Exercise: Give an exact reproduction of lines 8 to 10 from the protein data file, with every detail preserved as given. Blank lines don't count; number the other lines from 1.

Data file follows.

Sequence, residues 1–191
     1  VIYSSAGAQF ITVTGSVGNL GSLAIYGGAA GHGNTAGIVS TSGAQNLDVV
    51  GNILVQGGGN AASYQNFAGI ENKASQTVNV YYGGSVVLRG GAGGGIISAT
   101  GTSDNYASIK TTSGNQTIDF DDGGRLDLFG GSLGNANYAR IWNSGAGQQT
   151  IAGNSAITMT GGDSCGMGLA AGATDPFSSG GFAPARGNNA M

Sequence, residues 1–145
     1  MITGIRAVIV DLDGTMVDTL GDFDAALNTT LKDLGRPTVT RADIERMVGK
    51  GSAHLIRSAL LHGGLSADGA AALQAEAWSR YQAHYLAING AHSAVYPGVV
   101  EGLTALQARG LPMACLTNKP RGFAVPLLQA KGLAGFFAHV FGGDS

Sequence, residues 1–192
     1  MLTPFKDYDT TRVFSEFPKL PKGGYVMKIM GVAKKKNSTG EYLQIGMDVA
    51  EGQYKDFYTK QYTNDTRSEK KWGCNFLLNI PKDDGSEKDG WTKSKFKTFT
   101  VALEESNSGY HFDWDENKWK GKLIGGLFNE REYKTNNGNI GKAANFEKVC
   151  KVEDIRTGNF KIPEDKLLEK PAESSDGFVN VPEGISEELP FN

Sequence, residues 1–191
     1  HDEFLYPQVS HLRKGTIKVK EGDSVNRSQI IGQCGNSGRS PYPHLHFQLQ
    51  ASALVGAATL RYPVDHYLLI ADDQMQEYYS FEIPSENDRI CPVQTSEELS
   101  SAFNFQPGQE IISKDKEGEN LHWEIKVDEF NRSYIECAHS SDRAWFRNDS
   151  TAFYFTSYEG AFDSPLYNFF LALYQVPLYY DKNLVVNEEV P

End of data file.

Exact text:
    51  GSAHLIRSAL LHGGLSADGA AALQAEAWSR YQAHYLAING AHSAVYPGVV
   101  EGLTALQARG LPMACLTNKP RGFAVPLLQA KGLAGFFAHV FGGDS

Sequence, residues 1–192